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Notes From A Scottish Garden #1 - The first salad

Hello from bonny Southwest Scotland! It is June, and I alternate between basking in the recent glorious sun and running from midges. I have spent the last few months turning our gravel front garden into grass, wildflowers, and a food garden. I feel very lucky to have space to grow food and flowers. All my previous gardens were on the front steps of London flats, and I am both excited and overwhelmed by the space I have to grow. The last few months were a frenzy of seed sowing, potting on, and forcing people to take plants because I had too many.

And yesterday I gathered the leaves for my first salad.

I never really liked salads until I started volunteering in the community growing space. I thought soggy iceberg lettuce was all a salad could be. As my time with community gardens continued, I ate all manner of leafy greens, learning to love all the different tastes and textures.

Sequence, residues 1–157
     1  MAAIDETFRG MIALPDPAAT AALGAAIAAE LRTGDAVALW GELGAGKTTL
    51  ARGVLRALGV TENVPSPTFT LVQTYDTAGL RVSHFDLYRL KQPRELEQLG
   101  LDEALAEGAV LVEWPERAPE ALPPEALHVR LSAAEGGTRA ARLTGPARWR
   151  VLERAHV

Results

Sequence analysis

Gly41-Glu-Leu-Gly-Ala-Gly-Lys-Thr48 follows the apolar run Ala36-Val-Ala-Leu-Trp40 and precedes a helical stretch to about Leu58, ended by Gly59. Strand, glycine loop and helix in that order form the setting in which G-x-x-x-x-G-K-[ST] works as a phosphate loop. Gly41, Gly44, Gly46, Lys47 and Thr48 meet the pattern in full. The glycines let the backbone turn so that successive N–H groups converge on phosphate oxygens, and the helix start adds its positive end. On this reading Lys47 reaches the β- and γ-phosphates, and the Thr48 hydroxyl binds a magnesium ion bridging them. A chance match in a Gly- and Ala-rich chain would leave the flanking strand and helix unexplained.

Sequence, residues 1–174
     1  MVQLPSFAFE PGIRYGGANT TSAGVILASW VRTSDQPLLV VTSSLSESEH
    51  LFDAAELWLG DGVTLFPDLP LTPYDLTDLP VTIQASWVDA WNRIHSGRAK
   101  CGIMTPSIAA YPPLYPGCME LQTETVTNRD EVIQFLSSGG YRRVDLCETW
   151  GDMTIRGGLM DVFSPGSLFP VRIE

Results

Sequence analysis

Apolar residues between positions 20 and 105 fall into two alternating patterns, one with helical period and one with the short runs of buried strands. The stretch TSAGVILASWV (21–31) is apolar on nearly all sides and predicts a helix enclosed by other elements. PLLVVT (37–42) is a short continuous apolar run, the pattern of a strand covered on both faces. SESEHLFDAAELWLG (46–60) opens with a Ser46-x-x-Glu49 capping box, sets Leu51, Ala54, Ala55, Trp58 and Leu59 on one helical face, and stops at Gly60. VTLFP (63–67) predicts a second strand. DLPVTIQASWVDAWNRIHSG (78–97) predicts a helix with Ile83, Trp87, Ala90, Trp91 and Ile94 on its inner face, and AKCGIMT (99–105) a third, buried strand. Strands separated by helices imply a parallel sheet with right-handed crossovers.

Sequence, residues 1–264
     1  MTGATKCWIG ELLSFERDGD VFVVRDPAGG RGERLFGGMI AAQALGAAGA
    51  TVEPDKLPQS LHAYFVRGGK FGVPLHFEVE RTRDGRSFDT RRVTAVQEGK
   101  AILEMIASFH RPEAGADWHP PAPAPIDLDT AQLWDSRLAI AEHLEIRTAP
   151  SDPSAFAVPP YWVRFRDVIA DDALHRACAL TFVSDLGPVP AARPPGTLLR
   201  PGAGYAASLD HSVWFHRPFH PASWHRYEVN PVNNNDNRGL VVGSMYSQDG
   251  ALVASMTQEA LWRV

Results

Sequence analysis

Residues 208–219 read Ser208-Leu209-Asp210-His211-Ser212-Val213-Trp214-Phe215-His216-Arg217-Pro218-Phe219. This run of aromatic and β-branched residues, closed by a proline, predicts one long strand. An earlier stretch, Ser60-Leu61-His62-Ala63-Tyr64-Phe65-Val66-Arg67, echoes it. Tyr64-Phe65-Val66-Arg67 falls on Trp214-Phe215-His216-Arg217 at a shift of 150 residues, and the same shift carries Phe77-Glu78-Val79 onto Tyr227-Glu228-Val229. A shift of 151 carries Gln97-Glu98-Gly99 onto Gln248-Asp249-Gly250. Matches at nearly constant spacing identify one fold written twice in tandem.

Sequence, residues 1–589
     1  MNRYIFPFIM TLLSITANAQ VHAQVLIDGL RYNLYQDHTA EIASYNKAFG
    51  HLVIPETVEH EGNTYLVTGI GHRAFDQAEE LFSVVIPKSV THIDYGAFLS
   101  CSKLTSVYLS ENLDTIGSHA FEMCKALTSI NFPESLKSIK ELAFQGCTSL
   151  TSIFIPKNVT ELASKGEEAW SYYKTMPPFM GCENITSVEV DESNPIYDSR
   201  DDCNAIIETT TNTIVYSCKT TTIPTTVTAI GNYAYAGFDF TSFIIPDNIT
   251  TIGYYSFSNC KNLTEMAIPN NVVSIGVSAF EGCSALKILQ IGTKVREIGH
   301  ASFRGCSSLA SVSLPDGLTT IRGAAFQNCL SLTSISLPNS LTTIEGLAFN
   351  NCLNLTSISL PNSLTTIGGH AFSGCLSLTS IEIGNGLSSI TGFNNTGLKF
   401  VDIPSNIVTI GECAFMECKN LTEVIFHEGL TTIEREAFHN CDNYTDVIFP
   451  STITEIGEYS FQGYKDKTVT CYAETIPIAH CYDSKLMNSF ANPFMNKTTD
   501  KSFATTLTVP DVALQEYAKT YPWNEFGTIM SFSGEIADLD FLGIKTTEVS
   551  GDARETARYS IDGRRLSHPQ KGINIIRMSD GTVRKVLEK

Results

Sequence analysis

So here we have little shungiku (edible chrysanthemum) leaves, land cress, perennial wall rocket, pea shoots, nasturtium leaves, giant mustard leaves that I did not sow, but are a gift that pops up in pots, mizuna, and the first wee Blauwschokker peas.

It was delicious for a number of reasons. The plants are grown in beds built from old heat-treated pallets, nestled in compost from my compost bays, with food waste from my own kitchen and my neighbour’s kitchen. I sowed some of the seeds, which tell a story of my life before I moved here- the shungiku seeds from my dear friend and head grower Vicky Chown, the Blauwschokker seeds from a fellow grower at last year’s Seed Saving Network seed swap. And some of the plants come from my life here, the mizuna plant from a local plant swap, the nasturtium plants that popped up in the gravel drive, probably grown by the previous tenant.

And so I picked each leaf, each pea, and thanked the plant, the friend, the soil, the story. Lucky, lucky me.

Wishing you lots of leafy greens this summer!


'Notes From A Scottish Garden' is a monthly collaboration with Sonia Rego, a writer, grower and outdoor guide who previously managed our Seed Saving Network before moving to the Scottish Lowlands.


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